The committee will report to the executive board quarterly, with a final oral report for this biennium to the Sisterhood at the 2021 Convention of International Chapter. Their final report will be printed in the proceedings of convention.

New Jersey P.E.O.'s are using this portion of the state website to share book titles, movies, videos, and programs that chapters can use to encourage discussion and create awareness and understanding.

If you have suggestions for this page, please email State President, Helen Wolfmeyer (njpeopresident@gmail.com)

Shared by Chapter R, Teaneck 

From the National Museum of African American History and Culture

When was your last courageous conversation?

How do you start a conversation about race or racism? Until recently, few approached the subject in meaningful ways, except among small circles of family and friends with shared experiences.


At the National Museum of African American History and Culture (NMAAHC), we want to help you talk about the complex issue of race and how it impacts our families and communities. 

The Courageous Conversation Compass is one of the many tools in the “Community Building” section of our Talking About Race portal.

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The “Community Building” feature of Talking About Race enables you to:


  • Develop strategies for building community

  • Create community agreements for respectful dialogues with maximum participation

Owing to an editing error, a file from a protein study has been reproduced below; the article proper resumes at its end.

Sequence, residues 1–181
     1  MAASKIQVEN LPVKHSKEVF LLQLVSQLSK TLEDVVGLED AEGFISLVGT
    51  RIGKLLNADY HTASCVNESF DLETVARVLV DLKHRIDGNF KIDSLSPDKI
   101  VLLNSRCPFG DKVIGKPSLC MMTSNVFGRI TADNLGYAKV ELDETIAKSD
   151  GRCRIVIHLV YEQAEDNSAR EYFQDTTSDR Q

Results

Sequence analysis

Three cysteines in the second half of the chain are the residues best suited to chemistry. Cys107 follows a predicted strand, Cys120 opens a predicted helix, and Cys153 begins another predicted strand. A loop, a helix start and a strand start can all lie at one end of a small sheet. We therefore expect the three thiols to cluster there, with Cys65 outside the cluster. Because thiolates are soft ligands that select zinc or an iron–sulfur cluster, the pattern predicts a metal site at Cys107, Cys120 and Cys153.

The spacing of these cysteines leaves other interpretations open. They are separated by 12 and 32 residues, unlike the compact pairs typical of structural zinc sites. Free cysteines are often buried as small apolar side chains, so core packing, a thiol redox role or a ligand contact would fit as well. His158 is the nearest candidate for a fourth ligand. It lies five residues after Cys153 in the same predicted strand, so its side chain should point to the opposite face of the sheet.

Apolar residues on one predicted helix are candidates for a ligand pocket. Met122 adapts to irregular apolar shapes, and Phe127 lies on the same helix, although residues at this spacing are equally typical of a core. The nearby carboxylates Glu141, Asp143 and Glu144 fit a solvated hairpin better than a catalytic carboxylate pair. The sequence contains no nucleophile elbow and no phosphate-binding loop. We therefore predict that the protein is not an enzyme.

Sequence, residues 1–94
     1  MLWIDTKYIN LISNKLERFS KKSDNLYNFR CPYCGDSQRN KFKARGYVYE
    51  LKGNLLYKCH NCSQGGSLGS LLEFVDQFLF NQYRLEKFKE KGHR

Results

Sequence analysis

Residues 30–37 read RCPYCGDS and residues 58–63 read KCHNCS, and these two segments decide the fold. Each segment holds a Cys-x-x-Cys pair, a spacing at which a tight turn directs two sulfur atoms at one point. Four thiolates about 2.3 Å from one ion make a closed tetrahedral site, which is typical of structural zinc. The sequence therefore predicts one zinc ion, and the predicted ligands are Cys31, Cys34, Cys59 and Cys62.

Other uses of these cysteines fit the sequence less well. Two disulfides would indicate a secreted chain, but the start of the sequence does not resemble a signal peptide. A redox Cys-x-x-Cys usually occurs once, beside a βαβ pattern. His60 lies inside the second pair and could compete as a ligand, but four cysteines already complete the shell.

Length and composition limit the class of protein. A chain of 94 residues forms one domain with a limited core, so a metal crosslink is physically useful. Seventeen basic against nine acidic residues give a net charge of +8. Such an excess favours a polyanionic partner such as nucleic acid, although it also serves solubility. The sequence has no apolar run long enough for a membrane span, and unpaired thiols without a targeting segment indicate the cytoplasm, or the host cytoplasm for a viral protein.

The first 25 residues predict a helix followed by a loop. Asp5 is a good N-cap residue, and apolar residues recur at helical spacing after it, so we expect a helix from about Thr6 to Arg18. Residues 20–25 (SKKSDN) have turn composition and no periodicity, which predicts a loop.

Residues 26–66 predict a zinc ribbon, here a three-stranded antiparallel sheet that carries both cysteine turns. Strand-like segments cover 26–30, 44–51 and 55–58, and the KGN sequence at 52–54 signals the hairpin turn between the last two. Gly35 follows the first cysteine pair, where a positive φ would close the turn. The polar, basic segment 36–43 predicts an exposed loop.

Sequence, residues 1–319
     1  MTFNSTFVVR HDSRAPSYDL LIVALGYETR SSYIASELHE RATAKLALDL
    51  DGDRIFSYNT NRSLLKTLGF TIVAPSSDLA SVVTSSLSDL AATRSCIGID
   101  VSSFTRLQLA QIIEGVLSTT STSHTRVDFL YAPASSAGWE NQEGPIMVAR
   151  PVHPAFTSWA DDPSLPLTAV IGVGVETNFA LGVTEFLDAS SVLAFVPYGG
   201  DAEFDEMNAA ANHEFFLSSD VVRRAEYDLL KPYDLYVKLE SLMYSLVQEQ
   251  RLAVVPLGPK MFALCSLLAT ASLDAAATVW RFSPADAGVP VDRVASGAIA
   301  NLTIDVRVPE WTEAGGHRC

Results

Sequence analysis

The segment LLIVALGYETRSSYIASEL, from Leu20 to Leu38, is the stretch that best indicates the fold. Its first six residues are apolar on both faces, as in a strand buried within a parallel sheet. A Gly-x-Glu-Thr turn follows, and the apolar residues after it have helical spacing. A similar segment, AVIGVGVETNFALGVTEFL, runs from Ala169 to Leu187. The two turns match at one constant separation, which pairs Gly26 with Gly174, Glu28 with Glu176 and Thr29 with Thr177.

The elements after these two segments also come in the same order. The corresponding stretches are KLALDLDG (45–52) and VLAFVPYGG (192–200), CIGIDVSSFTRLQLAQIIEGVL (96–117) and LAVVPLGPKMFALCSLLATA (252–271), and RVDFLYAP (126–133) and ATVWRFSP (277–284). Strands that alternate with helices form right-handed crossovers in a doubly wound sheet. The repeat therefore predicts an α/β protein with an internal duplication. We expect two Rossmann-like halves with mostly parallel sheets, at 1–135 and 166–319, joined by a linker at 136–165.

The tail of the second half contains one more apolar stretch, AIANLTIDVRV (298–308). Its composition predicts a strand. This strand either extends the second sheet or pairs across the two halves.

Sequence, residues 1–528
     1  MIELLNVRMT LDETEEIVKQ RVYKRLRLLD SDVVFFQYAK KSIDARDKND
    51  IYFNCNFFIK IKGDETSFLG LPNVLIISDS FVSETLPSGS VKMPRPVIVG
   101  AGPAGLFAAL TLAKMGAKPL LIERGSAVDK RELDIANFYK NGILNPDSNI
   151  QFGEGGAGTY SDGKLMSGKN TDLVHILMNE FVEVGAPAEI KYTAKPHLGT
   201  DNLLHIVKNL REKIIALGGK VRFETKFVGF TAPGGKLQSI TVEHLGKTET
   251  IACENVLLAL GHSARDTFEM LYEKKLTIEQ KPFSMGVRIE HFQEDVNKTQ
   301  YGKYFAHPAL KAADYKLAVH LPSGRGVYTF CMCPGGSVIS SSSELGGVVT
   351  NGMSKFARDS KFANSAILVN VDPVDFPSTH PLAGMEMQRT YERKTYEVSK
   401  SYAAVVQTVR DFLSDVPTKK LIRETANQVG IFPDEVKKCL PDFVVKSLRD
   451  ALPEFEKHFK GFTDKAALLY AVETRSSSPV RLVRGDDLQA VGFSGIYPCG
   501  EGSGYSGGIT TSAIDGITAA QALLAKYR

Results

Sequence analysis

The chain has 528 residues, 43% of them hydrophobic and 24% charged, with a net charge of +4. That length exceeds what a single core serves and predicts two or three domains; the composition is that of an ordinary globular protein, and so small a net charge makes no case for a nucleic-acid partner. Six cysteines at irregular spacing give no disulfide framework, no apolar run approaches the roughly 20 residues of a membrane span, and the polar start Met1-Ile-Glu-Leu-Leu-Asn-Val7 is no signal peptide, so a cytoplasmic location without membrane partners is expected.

• Define a “brave space” and understand why it matters

  • Harness the power of storytelling

  • Learn how to enter a dialogue about race and process its content

  • Express gratitude for each journey toward building community and engaging in antiracist work

You are invited to read brief descriptions, watch video clips, stop and think, and, at the end, get guidance on how to talk and act on what you’ve learned.   LEARN MORE

Thank you to Atlantic Philanthropies, a limited life foundation, for their support of Talking About Race.

And, thank YOU for your Charter Membership with NMAAHC! Your support allows us to build programs that spread the value of community throughout the country and the globe. Together, we are providing tools for this country to fulfill its promise of freedom and justice for all.


  1. ‘Waking Up White and Finding Myself in the Story of Race’ by Debby Irving

  2. ‘White Fragility’ by Robin DiAngelo

  3. ‘The New Jim Crow – Mass Incarceration in the Age of Colorblindness’ by Michelle Alexander

  4. ‘How To Be An Anti-Racist’  by Ibram X. Kendi

  5. ‘Tears We Cannot Stop, A Sermon to White America’ by Michael Eric Dyson

  6. ‘Just Mercy’ by Bryan Stevenson

  7. ‘Homegoing’ by Yaa Gyasi

  8. ‘Lies My Teacher Told Me’ by James W. Loewen

  9. ‘The Hate U Give’ by Angie Thomas (young adult book)

  10. ‘A Good Neighborhood’ by Therese A. Fowler

  11. ‘Small Great Things’ by Jodie Picoult

  12. ‘An American Marriage’ by Tayari Jones

  13. ‘American Dirt’ by Jeanine Cummins

  14. Anything written by Maya Angelou


Movies and Documentaries:

  1. 13th – documentary

  2. Just Mercy – based on the book

  3. Eyes on the Prize – 14 hour-long segments based on Civil Rights movement

  4. I Am Not Your Negro -  documentary

  • Wix Facebook page